REVIEW PHOTO: VERN UYETAKE - 'Change is about addressing the hard questions. True inclusion is a hard thing to tackle,' Interim Superintendent Michael Musick says. 'I'm up for the challenge, and I know my principals are.'Musick also was part of the team that researched and studied children's and teens' biorhythms and worked on logistics last year to make school start times later for teen students.

"When I started out as a teacher in 1982, I witnessed how districts and schools could fail or save kids," Musick says. "I have spent my entire career working to ensure all students are highly successful."

His appointment as interim superintendent drew immediate praise from Beck, who is now deputy head of school for the Canadian International School in Singapore.

"Mike's ability to support our principals has led to such positive outcomes for our students," she said in February. "It has been a pleasure to work with him, and I am excited for him to take the helm of such an engaged district."

For his part, Musick says he plans to continue Beck's work toward creating a diverse and inclusive school environment.

"One of the things we want to make sure of is that all families and all kids, regardless of their race, their gender or any of those pieces, feel welcome and feel included," he says. "We want success to be available to every kid. If we can do that during my one year as interim (superintendent), that's a great goal for me."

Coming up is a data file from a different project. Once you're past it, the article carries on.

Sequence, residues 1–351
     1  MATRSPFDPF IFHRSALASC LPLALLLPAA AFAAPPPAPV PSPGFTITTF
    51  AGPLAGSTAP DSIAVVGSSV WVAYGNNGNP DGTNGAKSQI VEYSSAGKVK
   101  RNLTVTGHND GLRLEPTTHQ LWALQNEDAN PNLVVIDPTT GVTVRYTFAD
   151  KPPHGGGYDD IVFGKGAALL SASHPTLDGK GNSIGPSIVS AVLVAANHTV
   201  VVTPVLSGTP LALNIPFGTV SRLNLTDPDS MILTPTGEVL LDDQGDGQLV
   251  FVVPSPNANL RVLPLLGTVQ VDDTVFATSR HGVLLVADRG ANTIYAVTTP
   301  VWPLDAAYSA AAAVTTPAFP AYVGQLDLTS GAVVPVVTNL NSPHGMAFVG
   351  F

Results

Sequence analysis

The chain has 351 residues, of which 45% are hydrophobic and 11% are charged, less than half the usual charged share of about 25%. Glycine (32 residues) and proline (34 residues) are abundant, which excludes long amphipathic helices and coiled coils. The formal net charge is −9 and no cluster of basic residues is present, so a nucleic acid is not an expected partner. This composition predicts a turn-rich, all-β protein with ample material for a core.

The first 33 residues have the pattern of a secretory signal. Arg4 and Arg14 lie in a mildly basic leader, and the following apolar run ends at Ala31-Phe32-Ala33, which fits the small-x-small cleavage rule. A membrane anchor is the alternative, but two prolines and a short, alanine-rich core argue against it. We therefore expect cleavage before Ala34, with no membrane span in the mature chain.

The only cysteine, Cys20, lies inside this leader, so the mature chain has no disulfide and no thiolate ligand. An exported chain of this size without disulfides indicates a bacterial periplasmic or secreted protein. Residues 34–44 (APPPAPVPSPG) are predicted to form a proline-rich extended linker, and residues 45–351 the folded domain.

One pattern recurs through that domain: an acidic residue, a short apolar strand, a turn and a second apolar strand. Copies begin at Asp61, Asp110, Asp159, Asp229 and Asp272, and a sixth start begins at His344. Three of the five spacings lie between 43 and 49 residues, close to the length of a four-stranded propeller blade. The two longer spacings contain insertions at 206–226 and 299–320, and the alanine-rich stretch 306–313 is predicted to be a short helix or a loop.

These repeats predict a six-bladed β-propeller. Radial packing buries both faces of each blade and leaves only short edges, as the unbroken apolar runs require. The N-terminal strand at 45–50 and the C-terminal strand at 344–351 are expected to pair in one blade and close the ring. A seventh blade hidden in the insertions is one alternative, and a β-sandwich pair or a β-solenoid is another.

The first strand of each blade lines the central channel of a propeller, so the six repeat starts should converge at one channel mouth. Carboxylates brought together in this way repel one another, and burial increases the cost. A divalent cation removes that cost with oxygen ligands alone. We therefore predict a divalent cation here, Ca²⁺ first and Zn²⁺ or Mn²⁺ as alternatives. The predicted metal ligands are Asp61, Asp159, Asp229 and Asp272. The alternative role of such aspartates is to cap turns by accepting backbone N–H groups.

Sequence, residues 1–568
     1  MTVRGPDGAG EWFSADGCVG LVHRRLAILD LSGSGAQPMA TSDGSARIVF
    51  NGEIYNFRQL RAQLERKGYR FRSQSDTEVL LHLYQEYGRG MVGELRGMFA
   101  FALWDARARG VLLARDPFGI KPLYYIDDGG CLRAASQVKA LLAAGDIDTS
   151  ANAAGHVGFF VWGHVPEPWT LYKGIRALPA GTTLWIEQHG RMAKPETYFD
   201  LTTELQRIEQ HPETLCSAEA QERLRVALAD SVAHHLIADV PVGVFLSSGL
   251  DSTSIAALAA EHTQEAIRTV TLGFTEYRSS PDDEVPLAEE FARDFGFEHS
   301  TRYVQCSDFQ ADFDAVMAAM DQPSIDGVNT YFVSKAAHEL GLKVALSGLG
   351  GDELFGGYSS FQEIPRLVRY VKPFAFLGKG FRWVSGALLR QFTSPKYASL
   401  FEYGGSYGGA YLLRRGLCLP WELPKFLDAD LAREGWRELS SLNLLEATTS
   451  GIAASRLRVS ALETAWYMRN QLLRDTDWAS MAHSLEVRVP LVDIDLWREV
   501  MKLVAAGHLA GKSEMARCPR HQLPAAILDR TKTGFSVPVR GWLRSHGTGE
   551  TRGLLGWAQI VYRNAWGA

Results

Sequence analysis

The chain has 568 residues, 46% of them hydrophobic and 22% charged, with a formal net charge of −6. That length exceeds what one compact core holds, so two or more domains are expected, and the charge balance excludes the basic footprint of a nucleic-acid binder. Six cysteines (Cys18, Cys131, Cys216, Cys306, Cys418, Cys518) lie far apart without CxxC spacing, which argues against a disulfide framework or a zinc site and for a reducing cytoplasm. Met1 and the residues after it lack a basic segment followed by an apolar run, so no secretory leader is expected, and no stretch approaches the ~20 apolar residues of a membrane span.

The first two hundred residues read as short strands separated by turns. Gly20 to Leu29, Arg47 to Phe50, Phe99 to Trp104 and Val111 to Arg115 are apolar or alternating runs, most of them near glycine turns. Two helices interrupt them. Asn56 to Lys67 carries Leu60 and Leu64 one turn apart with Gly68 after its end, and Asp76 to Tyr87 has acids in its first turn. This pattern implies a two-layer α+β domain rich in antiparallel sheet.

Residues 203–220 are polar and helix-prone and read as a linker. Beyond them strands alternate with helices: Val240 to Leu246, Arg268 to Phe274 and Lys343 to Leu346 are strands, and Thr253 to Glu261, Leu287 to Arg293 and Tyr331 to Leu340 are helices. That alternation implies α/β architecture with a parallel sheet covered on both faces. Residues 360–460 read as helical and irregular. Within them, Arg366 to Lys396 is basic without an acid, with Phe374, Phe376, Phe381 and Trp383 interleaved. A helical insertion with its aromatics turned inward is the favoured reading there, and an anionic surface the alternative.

Toward that end, Musick has simplified his vision for the district this year to the phrase, "Envisioning success."

"We started with 'All means all.' Then we had "Better together." I think next year we're going to be talking about envisioning our success," Musick says. "All of the pieces that Heather put into place around diversity, equity and inclusion — and our work on teaching and learning, our communication areas and our bond work — are now coming to a moment in time where we're seeing results. We're seeing what has worked and what still needs work."

Musick brings extensive experience to the job and a history of working in a variety of school districts across social and economic lines. He previously served as the instructional superintendent of secondary schools at Blueprint Schools Network, which has a partnership with Denver Public Schools in Colorado. He has also held other leadership positions, such as achievement director for JeffCo Public Schools in Colorado; principal at Conifer High School in Conifer, Colo.; principal at Construction Careers Center Charter High School in St. Louis, Mo.; and associate principal, assistant principal and dean of students at Clayton High School in Clayton, Mo.